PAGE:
Millions Against Monsanto Reports: Monsanto Favorite Glyphosate Soon to Join California's Cancer List

from Organic

In an unprecedented move, the California Environmental Protection Agency (Cal/EPA) will soon start labeling the common herbicide ingredient glyphosate a "probable carcinogenic," stepping up efforts to protect health and wildlife in the agriculture-heavy state even as use of weed killers that include such toxins hits an all-time high.

Under Proposition 65, California is required to publish a list of chemicals known to cause cancer or birth defects. Glyphosate--favored ingredient of agrochemical producers like Monsanto and Dow--was declared "probably carcinogenic to humans" in March by the International Agency for Research on Cancer (IARC), a body of the World Health Organization.

"California's taking an important step toward protecting people and wildlife from this toxic pesticide," said Dr. Nathan Donley, staff scientist with the Center for Biological Diversity (CBD). "More than 250 million pounds of glyphosate are used each year in the United States, and the science is clear that it’s a threat to public health and countless wildlife species. It’s long past time to start reining in the out-of-control use of glyphosate in the United States."

In an email to EcoWatch, Donley added that California appears to be the first state to take such measures against the chemical. "As far as I'm aware, this is the first regulatory agency in the U.S. to determine that glyphosate is a carcinogen," he wrote. "So this is a very big deal."

Giving a chemical 'Prop 65' designation does not prevent sale or use of the substance, and glyphosate will only join the list after a 30-day period of public comment. Still, the news was received warmly by environmental advocates, who say it's important for California to acknowledge the IARC's findings and respond accordingly.

Rebecca Spector, west coast director at Center for Food Safety, told EcoWatch, "Since The World Health Organization’s research arm recently declared glyphosate is probably carcinogenic to humans, listing it under Prop 65 and requiring it to be labeled as such is a logical next step."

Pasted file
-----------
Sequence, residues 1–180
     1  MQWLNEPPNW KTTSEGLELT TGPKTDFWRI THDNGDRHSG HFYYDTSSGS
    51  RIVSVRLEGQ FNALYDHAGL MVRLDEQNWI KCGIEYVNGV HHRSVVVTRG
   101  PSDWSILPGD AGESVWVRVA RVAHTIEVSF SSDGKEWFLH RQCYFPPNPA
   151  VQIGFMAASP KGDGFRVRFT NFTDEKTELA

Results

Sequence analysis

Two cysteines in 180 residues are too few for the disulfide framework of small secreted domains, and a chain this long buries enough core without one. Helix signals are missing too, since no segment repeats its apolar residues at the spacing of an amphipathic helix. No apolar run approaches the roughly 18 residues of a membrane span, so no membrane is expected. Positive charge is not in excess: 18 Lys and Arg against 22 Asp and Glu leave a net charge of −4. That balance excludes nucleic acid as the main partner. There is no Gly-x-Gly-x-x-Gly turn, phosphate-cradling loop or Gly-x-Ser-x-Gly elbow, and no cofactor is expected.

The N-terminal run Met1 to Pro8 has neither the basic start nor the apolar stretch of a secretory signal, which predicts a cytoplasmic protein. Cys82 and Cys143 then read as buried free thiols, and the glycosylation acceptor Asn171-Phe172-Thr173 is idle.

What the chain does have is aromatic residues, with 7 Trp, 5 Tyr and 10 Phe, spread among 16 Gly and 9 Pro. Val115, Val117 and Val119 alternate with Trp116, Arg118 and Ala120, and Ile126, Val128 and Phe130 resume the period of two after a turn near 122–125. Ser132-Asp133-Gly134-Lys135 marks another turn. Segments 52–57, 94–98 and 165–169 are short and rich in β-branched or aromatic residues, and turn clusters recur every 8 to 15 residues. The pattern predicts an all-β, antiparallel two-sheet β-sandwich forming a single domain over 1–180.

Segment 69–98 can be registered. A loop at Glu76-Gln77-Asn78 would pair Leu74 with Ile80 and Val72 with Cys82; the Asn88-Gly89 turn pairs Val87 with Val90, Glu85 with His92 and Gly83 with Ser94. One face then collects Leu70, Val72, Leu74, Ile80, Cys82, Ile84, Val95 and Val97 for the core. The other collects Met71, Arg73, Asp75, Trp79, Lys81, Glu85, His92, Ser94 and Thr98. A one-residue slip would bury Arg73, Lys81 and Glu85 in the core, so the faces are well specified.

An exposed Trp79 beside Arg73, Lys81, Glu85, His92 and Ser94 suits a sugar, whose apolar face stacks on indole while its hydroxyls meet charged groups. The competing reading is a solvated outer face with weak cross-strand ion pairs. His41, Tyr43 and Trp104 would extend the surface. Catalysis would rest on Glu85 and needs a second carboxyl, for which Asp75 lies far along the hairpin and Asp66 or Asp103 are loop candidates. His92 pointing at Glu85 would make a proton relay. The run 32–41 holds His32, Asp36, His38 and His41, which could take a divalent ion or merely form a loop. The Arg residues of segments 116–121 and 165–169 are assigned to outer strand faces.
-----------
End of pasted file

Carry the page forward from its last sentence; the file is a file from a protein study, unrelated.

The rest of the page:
The Okanogan Family Faire will be held October 9th, 10th and 11th. Everyone is Welcome!

BPA Is 100 Times More Toxic Than We Thought


Most of us have heard that bisphenol A (BPA), found in many consumer products like plastic bottles and cash register receipts, is toxic. The market is now flooded with BPA-free plastics, and consumers should be aware that many of them contain other harmful analogs like bisphenol S and F.

All bisphenols are known to disrupt the endocrine system of the developing human male fetus and are likely responsible for a portion of the dramatic worldwide increase in male reproductive disorders. New research on human tissue samples suggests that BPA is 100 times more toxic than previously believed.

The research also suggests, counter intuitively, that BPA may be more harmful at lower doses. At higher doses, the cell is likely to die and be replaced. At lower doses, the cell undergoes changes consistent with cancer, endangering the entire organism.

The devastation of the wildfires in our county last month was far reaching. To make donations and see the current status of the new non-profit North Okanogan Recovery Network visit the CCC's "Fire Recovery Donations" page

City of Spokane Sues Monsanto